“Ka I Ka ‘Ino, No Ka ‘Ino” translates to “To Return Evil for Evil.” The foundation of the episode couldn’t have been written more clearly in this sense. If anything, the message seems to be that if you extinguish one evil, another arises. Not only that, but its theme also contains the message, which comes across as more of a warning, that your past will come back to haunt you in some way, shape or form.
A case of an exploding helicopter turns into the reappearance of an old but familiar memory for Steve. His old nemesis Wo Fat may be dead, but his spirit continues to take vengeance in the most unexpected ways, this time in the form of Daiyu Mei.
Wo Fat was an overused villain, considering he taunted and tortured Steve for years up until his death. When the current case circles back to connections in Wo Fat’s world, Steve seems more composed than we’d expect. Alex O’Loughlin has always done incredibly well at playing his character, but in this episode I thought it would make more sense for Steve to feel distressed rather than the objectivity that was portrayed.
Wo Fat was a major villain for Steve in both the original and reimagined Hawaii Five-0. Clearly his storyline was once of great importance, but since his demise it’s better left alone. Wo Fat is along the lines of “same old, same old” by now, and we need a new villain that is preferably Wo Fat’s complete opposite to create a series of interesting, and new, challenges and obstacles for Five-0, especially Steve if he’s the new villain’s primary focus.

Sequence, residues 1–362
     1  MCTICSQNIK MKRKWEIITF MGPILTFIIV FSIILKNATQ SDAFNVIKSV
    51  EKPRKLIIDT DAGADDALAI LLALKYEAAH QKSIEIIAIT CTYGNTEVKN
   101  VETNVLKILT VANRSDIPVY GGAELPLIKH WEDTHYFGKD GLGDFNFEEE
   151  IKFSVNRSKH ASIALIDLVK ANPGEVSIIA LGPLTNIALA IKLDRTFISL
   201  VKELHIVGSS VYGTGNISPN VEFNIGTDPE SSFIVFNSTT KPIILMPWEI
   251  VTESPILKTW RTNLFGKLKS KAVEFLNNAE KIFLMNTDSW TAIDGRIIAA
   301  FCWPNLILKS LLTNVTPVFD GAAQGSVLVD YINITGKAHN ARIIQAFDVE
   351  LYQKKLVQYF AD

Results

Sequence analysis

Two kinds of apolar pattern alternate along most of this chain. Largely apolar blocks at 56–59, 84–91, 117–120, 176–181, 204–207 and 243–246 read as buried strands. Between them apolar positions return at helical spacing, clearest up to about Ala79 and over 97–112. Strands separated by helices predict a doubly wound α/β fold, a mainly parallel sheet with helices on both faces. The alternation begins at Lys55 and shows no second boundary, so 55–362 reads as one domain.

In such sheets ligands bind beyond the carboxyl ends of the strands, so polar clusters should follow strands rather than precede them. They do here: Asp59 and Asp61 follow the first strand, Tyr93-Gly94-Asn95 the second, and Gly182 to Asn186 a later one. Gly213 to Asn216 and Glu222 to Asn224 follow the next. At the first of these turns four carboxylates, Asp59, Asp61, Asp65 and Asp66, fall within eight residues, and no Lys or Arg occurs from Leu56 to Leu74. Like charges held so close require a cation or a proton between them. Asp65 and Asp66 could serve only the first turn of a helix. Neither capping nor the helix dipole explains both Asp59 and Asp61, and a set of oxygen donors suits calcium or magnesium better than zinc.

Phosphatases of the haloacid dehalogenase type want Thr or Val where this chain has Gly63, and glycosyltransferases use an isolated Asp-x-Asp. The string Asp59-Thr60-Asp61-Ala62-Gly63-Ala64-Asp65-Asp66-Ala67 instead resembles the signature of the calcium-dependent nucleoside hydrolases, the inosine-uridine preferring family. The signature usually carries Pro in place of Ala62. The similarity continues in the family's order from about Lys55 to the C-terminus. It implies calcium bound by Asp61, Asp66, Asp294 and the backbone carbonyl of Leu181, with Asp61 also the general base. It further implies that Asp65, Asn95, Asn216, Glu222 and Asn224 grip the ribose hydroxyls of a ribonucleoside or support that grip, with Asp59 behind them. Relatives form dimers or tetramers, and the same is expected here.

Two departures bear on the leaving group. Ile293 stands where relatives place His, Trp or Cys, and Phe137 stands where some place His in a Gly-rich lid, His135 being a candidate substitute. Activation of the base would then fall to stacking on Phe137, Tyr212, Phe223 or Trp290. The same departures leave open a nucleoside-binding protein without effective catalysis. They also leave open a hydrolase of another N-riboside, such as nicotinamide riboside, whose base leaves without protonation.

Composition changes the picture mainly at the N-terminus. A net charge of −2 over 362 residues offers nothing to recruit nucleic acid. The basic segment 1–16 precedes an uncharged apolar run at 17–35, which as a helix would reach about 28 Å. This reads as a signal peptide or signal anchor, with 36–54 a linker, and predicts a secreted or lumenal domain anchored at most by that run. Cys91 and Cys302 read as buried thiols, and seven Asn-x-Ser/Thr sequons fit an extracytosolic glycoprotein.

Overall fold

Steve knows coincidences are never what they seem, especially in his line of work. He should surely be dreading whatever will come up out of what they find, especially when he and Danny discover the room that once held the weapons that Wo Fat was suspected of stealing years before. Steve has a tough attitude and simply goes to work in situations like this, but under the surface there have to be old wounds and difficult memories threatening to rise to the surface.
Daiyu Mei will undoubtedly be Steve’s next archenemy, as if he doesn’t have enough to worry about already. It’s clear there’s something bigger going on in Hawaii crime-wise given the season’s previous episodes that Steve will have to face as it is. Is Daiyu connected somehow? It would better justify her sudden appearance.
Adam’s past is coming back to haunt him as well, just in a different manner. Ian Anthony Dale’s performance isn’t lacking, but it seems to play out all wrong given Adam’s character’s past and personality traits. Why would Adam revert to the life he worked so hard to get out of? It seems as though Adam has given up and become somewhat manipulated back into the Yakuza world. Perhaps getting together with Tamiko was not the best thing for him, considering the fallout from the previous episode.
Adam also turns his back on his Five-0 family and decides to deal with the fallout alone. This in itself doesn’t make sense, because he’s always relied on them before. Even Steve makes a point of telling Adam that after everything they’ve been through, Adam should be able to divulge what’s going on.
Yes, the fallout isn’t looking good. Yes, Adam’s in serious trouble. He’s been in jail before and should know better. He worked hard to create a new life out of it all, but just as soon gives it up. No character can undergo such a personality change in such a short amount of time, it just doesn’t seem realistic. Adam could certainly change to some degree but it seems like he’s another person entirely, which complicates his character and doesn’t evoke much sympathy from the audience.